Materials and Methods

Taxon sampling and ethics statement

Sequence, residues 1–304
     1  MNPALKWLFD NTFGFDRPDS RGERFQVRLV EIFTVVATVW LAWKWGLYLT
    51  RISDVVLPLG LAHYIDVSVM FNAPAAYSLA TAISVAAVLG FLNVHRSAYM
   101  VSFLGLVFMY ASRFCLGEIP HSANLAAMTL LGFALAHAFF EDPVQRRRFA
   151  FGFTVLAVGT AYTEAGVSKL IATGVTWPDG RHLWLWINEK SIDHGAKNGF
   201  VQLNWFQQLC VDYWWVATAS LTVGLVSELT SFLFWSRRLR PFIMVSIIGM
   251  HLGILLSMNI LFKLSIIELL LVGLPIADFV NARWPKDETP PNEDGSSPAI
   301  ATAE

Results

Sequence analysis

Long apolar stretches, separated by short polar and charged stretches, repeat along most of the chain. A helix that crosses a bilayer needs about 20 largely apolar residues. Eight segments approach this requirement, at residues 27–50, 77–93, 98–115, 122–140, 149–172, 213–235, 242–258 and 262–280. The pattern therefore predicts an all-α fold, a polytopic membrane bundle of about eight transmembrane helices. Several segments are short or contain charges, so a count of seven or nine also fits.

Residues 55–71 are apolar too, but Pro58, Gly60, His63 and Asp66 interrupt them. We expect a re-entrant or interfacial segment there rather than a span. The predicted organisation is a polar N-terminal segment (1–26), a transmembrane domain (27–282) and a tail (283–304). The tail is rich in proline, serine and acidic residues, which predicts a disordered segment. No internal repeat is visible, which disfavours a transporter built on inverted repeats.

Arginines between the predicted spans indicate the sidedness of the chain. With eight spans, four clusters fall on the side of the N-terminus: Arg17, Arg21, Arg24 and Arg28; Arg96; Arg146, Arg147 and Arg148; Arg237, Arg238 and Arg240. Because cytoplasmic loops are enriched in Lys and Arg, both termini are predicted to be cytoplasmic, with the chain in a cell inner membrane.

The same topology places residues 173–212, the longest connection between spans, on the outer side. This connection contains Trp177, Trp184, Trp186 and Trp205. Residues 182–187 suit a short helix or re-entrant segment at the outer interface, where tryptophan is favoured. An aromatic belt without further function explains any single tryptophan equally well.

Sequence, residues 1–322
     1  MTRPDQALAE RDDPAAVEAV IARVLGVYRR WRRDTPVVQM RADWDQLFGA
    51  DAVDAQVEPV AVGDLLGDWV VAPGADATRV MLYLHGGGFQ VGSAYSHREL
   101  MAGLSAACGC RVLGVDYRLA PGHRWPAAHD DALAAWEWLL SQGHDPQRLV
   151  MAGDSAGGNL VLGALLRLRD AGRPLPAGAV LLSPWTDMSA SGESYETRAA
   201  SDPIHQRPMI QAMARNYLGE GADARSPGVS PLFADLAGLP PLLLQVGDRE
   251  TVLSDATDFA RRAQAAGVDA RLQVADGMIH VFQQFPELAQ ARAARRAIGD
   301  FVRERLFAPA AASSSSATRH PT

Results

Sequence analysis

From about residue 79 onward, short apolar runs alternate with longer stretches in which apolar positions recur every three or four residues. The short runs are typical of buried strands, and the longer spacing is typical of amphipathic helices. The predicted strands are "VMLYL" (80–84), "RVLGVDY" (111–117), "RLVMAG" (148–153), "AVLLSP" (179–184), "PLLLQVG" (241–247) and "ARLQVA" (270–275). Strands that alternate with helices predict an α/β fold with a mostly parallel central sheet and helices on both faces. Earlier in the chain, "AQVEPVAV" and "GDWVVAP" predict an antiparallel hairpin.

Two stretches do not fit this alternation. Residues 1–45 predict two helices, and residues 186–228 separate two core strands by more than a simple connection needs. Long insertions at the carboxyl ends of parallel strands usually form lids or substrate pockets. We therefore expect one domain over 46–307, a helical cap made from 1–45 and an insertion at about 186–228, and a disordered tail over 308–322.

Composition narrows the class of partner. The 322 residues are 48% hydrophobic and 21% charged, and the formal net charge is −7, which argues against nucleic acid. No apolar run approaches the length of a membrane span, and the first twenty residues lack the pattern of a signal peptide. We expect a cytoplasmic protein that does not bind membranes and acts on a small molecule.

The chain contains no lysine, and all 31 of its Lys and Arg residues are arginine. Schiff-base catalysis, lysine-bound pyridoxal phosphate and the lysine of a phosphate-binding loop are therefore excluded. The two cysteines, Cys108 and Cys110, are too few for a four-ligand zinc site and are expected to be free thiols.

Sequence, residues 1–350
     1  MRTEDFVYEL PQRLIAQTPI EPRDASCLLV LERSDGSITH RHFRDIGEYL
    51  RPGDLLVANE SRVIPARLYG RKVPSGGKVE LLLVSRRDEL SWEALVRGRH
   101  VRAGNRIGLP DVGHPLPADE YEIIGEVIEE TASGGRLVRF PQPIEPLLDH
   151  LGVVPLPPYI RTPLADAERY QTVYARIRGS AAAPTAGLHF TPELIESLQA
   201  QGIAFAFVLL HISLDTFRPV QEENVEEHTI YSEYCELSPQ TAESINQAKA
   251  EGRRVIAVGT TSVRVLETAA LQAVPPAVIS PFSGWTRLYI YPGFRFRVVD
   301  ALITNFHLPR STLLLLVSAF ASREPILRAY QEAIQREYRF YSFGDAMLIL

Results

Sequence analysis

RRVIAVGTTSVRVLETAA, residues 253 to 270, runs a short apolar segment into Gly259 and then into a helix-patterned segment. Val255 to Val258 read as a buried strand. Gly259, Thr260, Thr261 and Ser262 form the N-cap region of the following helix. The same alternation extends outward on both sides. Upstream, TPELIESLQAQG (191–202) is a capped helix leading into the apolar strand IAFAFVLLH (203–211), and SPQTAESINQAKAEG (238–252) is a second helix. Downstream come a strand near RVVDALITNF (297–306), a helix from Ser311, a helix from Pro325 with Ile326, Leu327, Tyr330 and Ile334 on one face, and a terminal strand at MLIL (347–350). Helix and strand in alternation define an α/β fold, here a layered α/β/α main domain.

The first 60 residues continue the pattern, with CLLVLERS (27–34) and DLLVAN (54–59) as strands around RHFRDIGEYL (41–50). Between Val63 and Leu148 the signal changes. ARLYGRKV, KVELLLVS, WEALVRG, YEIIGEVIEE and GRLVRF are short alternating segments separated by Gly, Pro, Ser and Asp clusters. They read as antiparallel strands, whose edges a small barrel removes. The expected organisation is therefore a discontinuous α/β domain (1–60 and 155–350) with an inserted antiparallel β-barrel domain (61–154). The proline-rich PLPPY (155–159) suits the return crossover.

A total of 76 accessions, 67 belonging to section Cyathophora and 9 outgroups, were sampled in this study (Table S1). Pedicularis connata has only been collected from the type locality near Muli in southwestern China, and was not included here. No samples of endangered or protected species were included [19]. Each population of the studied species had more than several hundreds of individuals, and around three plants per population were collected as the vouchers, which were deposited in the herbarium of the Kunming Institute of Botany (KUN), Chinese Academy of Sciences. Samples were collected from public land instead of protected areas in the southwest China; therefore, field permits were not required. The morphology of vouchered specimens was compared with the type specimens as an aid in identification. Pedicularis cyathophylla, P. cyathophylloides and P. superba are easy to identify. In series Reges, P. thamnophila is distinguished from P. rex by having pilose stems, leaves and cup-like bracts, long and persistent basal leaves, a corolla lower lip spreading at right-angle to the corolla tube, and a small flower. Comparisons of the type specimens and field observations indicated that the type of P. cupuliformis consists of some short plants of P. thamnophila. In this study, therefore, we treat P. cupuliformis is conspecific with P. thamnophila. Noteworthily, we collected one unknown taxon, whose floral structure and size resemble those of P. thamnophila, whereas its stems, leaves and bracts are glabrous or sparely pubescent, and basal leaves are short or absent. For infraspecies of P. rex, purple/pink corollas and toothless corolla galeas were use to identify subspecies lipskyana and variety rockii, respectively. We did not accept the treatment of subspecies parva, pseudocyathus and zayuensis in P. rex, because the type specimens of the first two subspecies cannot be distinguished from specimens of the type of subspecies rex, and those of the third subspecies were identical to those of subspecies lipskyana. Herein, five species (including three infraspecific taxa for P. rex) (Table S1) and one unknown taxon of section Cyathophora were included. Nine species of Pedicularis were selected as outgroups. Of the list of sampled taxa is presented in Table S1, including series position, voucher information, population code and GenBank accession number. Geographical information of samples from section Cyathophora is indicated in Figure 3.